CHAPTER VI. DIFFICULTIES OF THE THEORY.
2. ON THE ABSENCE OR RARITY OF TRANSITIONAL VARIETIES.
As natural selection acts solely by the preservation of profitable
modifications, each new form will tend in a fully-stocked country to take
the place of, and finally to exterminate, its own less improved parent-form
and other less-favoured forms with which it comes into competition. Thus
extinction and natural selection go hand in hand. Hence, if we look at
each species as descended from some unknown form, both the parent and all
the transitional varieties will generally have been exterminated by the
very process of the formation and perfection of the new form.
But, as by this theory innumerable transitional forms must have existed,
why do we not find them embedded in countless numbers in the crust of the
earth? It will be more convenient to discuss this question in the chapter
on the imperfection of the geological record; and I will here only state
that I believe the answer mainly lies in the record being incomparably less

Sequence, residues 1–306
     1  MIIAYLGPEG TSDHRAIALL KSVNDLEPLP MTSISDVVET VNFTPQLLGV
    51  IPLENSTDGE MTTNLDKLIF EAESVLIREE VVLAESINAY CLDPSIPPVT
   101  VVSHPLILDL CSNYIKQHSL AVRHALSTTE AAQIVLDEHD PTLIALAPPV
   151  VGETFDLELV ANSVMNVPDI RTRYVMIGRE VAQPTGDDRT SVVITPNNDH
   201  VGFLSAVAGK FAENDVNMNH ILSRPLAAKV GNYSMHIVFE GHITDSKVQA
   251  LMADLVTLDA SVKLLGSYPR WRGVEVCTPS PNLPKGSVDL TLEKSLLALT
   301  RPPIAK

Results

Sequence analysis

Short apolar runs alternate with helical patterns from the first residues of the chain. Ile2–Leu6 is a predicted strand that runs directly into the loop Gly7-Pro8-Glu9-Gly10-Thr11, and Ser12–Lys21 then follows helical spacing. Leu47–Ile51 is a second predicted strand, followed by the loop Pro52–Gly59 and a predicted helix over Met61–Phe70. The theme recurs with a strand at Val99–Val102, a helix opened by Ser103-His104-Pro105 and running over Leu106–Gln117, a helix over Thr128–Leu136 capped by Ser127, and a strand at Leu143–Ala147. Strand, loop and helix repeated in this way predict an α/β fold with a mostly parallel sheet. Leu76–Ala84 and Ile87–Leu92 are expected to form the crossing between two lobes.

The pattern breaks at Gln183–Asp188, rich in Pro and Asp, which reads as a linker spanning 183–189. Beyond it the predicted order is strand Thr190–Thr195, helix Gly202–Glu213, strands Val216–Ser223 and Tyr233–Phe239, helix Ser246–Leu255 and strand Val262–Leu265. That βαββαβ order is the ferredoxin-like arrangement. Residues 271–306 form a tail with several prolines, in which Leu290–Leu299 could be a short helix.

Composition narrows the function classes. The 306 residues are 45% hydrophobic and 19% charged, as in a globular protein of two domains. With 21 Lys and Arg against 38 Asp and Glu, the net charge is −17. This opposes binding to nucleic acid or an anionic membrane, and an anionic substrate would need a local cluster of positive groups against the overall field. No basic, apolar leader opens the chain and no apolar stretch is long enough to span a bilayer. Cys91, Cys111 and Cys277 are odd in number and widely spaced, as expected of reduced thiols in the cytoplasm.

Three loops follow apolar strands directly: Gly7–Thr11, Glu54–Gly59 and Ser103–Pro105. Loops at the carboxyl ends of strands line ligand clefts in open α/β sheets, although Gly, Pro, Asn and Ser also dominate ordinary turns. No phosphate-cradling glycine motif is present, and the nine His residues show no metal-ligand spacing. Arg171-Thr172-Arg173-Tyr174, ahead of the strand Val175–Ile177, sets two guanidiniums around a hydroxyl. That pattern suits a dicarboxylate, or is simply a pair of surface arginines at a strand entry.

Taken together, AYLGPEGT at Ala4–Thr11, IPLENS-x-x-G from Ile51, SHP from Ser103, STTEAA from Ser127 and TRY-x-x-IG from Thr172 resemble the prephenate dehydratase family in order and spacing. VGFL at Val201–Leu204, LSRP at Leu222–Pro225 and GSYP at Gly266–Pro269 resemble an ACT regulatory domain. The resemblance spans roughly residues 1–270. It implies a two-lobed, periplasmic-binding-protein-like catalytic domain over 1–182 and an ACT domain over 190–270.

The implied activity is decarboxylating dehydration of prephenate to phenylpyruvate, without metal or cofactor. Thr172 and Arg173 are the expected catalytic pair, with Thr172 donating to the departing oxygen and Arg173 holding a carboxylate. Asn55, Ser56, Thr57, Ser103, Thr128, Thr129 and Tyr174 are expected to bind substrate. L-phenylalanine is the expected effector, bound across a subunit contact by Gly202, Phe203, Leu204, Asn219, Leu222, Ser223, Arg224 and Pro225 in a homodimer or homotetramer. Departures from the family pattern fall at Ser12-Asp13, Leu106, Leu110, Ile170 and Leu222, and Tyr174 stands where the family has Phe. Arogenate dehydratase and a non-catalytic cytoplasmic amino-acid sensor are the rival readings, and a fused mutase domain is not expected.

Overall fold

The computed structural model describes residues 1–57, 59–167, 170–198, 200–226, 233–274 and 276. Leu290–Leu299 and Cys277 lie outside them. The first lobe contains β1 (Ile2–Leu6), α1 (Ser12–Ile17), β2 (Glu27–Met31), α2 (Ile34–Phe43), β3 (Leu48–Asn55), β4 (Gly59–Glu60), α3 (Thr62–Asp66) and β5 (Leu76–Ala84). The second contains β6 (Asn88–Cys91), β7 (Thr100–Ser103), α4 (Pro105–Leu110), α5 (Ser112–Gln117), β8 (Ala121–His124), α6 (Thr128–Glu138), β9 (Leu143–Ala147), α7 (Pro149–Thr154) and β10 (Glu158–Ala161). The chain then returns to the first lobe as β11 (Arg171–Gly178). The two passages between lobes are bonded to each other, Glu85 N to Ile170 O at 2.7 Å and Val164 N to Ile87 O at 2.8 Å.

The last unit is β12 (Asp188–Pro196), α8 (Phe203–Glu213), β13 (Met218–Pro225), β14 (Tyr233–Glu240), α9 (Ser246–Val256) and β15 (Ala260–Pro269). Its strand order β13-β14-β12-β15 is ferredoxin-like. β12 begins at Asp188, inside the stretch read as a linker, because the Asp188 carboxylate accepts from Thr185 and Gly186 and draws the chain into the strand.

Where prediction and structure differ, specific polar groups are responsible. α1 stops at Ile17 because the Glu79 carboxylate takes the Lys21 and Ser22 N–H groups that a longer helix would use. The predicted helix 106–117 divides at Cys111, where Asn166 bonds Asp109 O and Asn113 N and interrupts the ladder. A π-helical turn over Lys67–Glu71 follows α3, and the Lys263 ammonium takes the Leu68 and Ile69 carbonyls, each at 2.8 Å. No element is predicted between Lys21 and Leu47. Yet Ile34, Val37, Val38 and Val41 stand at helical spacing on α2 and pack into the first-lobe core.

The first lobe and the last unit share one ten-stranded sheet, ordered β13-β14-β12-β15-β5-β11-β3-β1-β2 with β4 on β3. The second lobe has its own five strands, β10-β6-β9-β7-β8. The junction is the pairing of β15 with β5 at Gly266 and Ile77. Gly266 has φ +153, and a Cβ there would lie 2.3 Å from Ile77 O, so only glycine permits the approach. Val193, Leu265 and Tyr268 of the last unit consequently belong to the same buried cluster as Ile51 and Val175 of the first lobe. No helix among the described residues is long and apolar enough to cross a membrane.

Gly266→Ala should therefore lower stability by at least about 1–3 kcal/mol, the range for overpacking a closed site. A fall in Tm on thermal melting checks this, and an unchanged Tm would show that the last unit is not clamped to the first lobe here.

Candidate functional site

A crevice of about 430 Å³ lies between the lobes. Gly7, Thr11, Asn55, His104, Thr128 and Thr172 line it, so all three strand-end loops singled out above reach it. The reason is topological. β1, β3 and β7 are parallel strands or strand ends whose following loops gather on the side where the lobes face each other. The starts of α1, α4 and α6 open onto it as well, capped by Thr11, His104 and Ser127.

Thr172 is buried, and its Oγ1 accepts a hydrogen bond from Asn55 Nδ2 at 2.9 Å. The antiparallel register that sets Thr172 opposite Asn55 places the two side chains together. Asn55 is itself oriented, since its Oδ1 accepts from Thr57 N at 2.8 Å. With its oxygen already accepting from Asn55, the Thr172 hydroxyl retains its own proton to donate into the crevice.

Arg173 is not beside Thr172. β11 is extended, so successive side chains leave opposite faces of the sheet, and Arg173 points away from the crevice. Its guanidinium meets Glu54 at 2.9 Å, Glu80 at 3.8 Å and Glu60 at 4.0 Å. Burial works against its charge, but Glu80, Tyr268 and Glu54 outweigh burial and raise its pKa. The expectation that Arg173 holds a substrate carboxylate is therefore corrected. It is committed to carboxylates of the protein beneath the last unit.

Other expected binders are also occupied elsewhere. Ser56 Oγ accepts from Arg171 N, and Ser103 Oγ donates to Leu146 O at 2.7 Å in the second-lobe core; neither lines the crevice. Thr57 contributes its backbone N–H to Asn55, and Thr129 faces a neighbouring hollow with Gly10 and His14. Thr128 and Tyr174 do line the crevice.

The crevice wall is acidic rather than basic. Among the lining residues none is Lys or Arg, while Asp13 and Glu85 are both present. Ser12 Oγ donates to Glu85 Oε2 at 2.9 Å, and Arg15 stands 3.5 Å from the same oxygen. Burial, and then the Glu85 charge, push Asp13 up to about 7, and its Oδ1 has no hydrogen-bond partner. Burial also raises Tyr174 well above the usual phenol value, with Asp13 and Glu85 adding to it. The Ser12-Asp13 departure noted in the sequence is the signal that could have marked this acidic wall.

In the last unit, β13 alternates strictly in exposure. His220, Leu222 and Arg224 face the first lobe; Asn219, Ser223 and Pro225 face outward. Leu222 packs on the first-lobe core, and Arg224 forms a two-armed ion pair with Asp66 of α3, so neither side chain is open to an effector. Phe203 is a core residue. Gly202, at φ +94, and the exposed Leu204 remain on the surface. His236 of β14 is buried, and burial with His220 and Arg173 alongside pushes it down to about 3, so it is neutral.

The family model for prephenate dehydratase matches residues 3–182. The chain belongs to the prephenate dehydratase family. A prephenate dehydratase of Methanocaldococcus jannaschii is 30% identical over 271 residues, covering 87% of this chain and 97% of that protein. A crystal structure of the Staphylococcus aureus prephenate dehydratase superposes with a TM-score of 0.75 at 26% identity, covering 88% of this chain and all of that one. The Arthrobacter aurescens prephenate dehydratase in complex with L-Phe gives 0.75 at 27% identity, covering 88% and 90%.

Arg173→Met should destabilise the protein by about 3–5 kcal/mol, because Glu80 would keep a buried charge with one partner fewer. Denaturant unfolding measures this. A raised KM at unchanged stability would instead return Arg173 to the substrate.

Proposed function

perfect than is generally supposed. The crust of the earth is a vast
museum; but the natural collections have been imperfectly made, and only at
long intervals of time.
But it may be urged that when several closely allied species inhabit the
same territory, we surely ought to find at the present time many
transitional forms. Let us take a simple case: in travelling from north
to south over a continent, we generally meet at successive intervals with
closely allied or representative species, evidently filling nearly the same
place in the natural economy of the land. These representative species
often meet and interlock; and as the one becomes rarer and rarer, the other
becomes more and more frequent, till the one replaces the other. But if we
compare these species where they intermingle, they are generally as
absolutely distinct from each other in every detail of structure as are
specimens taken from the metropolis inhabited by each. By my theory these
allied species are descended from a common parent; and during the process
of modification, each has become adapted to the conditions of life of its
own region, and has supplanted and exterminated its original parent-form
and all the transitional varieties between its past and present states.
Hence we ought not to expect at the present time to meet with numerous
transitional varieties in each region, though they must have existed there,
and may be embedded there in a fossil condition. But in the intermediate
region, having intermediate conditions of life, why do we not now find
closely-linking intermediate varieties? This difficulty for a long time
quite confounded me. But I think it can be in large part explained.